Dane, you just finished 8th in the World Championships. What did this amazing performance mean to you?

Finishing 8th in Beijing was an awesome way to top off a great year. I started the season slowly with illness forcing me to withdraw from the national titles, but throughout the year I managed to piece together a PB, a World University Gold, and an 8th at the World T&F Champs along with a sneaky proposal to the love of my life making 2015 one of my biggest years so far.

How much did the fall at the 12km mark effect the rest of the race?

This was a turning point in the race. The lead pack was around 14 strong and we were coming around the 180′ bend 3 men wide. I got caught on the inside rail which usually is not a problem for me being one of the taller walkers around but with an unexpected move from the Japanese racer cutting in, a few athletes were caught off guard myself included and forced to deal with the pot plants on the inside of the turn. Our pack was immediately separated and this is where the leaders pushed away and our group became a chase that never quite caught back up. That’s racing and it could have well been me taking advantage in the lead pack, but next time I’ll be smarter and stronger, it won’t be a problem.

How did you get into race walking as a young kid?

I started race walking in high school when my school district was looking for extra points for the championship and I just happened to have some time free between my running events. The school teacher and a few mates managed to persuade me into attempting the 3km walk based on the fact that my Father, Dave Smith, was a dual Olympian in the 20km walk so it must be in the blood. Turns out I had soaked up the technique from years of watching Dad and his squad, the rest is history.

Who are some of the biggest influences in your career?

I’ve spent most of my life on the track surrounded by athletes of all calibre who I admire, but my first memories were of my Dad pushing me in a pram while he was training. But in terms of my career, I always admired the 400m runners. Cathy freeman in Sydney was my most memorable childhood athletics experience. Later as I discovered walking, athletes like Nathan Deakes and Luke Adams have always shown me respect and interest in my development. Luke has even become a mentor for me helping me push forward through good and bad races.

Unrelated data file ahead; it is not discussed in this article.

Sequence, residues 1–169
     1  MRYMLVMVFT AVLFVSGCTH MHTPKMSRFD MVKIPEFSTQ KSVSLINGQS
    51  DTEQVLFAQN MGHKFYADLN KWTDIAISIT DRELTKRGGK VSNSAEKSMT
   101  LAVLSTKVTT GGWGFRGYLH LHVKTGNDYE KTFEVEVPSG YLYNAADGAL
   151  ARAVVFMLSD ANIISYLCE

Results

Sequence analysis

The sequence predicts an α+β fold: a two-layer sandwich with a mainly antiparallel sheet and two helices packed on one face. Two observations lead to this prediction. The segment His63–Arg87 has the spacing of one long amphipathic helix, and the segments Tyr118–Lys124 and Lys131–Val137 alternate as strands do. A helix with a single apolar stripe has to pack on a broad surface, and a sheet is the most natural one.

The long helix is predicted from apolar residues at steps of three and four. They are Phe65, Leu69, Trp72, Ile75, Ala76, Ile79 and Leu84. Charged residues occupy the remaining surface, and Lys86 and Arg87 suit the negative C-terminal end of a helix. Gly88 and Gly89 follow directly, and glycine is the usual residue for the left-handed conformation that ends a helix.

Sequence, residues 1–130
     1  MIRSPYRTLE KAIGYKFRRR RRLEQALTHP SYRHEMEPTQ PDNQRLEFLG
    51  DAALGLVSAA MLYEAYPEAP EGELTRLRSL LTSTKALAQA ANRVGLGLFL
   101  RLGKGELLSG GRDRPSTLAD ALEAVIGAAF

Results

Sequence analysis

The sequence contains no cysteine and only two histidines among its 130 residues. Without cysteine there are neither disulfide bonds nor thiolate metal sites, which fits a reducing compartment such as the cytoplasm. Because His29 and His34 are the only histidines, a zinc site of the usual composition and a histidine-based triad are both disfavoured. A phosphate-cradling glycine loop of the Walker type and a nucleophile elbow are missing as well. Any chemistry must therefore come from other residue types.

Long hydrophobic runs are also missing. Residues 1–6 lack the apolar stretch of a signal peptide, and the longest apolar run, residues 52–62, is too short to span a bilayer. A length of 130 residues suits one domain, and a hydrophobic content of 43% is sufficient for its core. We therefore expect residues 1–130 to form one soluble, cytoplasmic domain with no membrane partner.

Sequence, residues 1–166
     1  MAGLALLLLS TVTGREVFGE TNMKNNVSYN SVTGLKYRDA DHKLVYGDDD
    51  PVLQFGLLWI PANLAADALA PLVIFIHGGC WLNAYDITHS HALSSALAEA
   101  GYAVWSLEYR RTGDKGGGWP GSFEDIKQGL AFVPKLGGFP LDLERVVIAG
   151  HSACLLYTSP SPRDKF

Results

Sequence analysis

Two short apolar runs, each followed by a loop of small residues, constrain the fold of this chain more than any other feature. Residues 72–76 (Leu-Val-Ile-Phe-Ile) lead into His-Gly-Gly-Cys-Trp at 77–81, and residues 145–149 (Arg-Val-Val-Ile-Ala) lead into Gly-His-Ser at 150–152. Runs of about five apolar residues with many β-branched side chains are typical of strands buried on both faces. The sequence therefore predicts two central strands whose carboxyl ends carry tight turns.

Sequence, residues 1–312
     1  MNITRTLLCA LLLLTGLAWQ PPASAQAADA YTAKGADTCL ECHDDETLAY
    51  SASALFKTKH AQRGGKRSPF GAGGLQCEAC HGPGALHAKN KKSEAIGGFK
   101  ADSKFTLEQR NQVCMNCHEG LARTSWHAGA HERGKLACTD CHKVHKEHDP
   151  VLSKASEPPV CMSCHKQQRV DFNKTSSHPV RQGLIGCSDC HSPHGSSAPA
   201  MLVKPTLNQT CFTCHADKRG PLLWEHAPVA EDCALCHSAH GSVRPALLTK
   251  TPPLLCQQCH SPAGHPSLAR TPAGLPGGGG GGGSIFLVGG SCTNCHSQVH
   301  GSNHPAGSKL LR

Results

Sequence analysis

How important to you and your career was recently winning The World Uni Games?

The World Uni Games Gold is beyond awesome! To me it was less about winning and more about how I controlled this race, I set myself a goal to shutdown the attacks from the other athletes and force a pace that would favour me to come home strong. I was backing myself for a big finish and it couldn’t have gone smoother. This is the experience I need to medal or win future international championships.

Is Rio the major focus now?

RIO 16 has been the focus this whole year, we are slowly building up and up. This year was supposed to be like a dress rehearsal with training blocks and international competitions in similar timings to what we will have next year. Although this year has been successful I am extremely pleased to say there are a lot of kinks to iron out and plenty of improvements to be made based on preparation and tactics alone, on top of that I will be training harder than I ever have before.